"The reason for that was that it just lessens our risk of civil liability, he said.

Each reservist will be issued a weapon.

Chief Phillips suggested starting out with five or six reserve officers.

"We would choose those five or six from applicants that are looking for full-time employment with the Police Department," he said.

The alderman unanimously voted to reinstate the auxiliary police reserve program.

Bill Randolph was hired, on a 4-2 vote, as a special drug investigator for Livingston Police Department. He will be paid from the drug fund.

Clean-up Week was set as April 22 through April 27.

Summer workers were hired.

Mayor Hosea Winningham announced that the second reading of rezoning Jeff Hunter's property from I-2 to C-1 was approved and beer permits were approved for Fueler's Friend and Ganesh Inc. at a recent public hearing.

Chief Phillips informed the City Council that the Police Department recently received a grant for a thermal imaging device. The device costs between $15,000 and $20,000, which the grant covered with no cost incurred to the city.

The meeting adjourned.




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Convenience Center now open

By Becky Meredith, OCN staff

A program to establish more convenience centers in Overton County was projected at the beginning of County Executive Richard M. "Ossie" Mitchell's tenure.

Bobby McCoin, project coordinator for Overton County Executive's Office, said, "Since Mr. Mitchell came in three years ago, we started making plans deciding what we were going to do, and it takes a while to get things done," he explained.

After a few minor setbacks, however, two centers have recently been instituted one in Alpine, the other in Hardy's Chapel. The county's five other centers are located in the Hilham, Rickman, Hanging Limb, and Independence communities, along with the Livingston center on Airport Road.

According to McCoin, each time the county builds a center, around $40,000 is appropriated to the site.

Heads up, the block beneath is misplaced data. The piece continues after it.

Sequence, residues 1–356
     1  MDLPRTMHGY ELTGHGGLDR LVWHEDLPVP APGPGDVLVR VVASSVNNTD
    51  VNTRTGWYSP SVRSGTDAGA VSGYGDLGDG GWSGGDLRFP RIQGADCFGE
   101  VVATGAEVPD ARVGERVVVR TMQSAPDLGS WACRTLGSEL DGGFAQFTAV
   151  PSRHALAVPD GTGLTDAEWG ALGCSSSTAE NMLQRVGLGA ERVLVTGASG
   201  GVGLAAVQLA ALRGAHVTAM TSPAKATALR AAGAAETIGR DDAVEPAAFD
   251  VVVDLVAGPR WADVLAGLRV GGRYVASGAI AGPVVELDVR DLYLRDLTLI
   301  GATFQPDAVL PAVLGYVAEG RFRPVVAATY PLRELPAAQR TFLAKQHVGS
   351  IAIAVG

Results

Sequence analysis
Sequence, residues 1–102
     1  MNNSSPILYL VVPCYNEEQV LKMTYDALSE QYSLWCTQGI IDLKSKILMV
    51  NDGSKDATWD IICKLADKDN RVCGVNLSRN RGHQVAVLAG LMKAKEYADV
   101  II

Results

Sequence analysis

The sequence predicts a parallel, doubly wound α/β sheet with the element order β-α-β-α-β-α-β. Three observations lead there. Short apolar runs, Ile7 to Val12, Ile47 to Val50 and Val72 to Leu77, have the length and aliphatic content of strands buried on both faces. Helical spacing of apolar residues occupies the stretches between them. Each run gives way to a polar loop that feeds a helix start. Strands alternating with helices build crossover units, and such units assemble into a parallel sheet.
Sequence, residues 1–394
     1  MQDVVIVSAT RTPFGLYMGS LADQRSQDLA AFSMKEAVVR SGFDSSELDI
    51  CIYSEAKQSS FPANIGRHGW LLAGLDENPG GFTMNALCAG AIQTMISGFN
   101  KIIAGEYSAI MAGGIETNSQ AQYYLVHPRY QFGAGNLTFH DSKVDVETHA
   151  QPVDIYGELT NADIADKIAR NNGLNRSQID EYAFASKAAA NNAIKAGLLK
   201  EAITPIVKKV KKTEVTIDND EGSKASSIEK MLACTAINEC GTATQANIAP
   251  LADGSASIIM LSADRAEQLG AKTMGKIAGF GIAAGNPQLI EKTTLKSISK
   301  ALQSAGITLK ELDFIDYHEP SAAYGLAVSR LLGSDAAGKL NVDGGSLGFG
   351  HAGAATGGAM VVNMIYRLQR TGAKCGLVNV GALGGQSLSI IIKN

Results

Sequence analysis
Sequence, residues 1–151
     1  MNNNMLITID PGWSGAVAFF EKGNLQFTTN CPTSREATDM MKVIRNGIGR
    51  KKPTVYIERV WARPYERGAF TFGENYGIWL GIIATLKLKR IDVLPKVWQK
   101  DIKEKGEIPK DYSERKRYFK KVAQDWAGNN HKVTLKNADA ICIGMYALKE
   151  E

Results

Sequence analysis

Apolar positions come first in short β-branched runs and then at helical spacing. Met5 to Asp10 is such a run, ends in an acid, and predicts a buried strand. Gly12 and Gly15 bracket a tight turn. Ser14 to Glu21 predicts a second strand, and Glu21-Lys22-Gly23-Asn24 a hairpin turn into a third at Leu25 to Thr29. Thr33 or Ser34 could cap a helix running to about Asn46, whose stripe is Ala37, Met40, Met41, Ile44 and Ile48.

"That's not counting the land, but we aready owned the land," he explained of the Hardy's Chapel facility.

The new convenience center in Hardy's Chapel was built next door to Hardy's Chapel Community Center, which was formerly occupied by a school. After the school closed, the land was "turned over" to the county.

All work on the Hardy's Chapel Convenience Center building was completed by county employees, who wrapped up the project in about two or three weeks, McCoin said.

"They built everything, except the county highway department did all the grade work and furnished the rock," he continued.

Household trash of county residents may be dropped off at county convenience centers.

"They can take scrap metal there, they can accept, and hopefully other people will bring, recyclables there, cardboard, plastics, aluminum cans. We're not taking metal cans right now because there's no market, but as soon as there gets to be a market for them, we'll take metal cans," McCoin added.

Hardy's Chapel Community Center opened for business yesterday, April 2. Operation days are scheduled for each Tuesday, Thursday, and Saturday from 9 a.m. to 5 p.m.


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Overton County News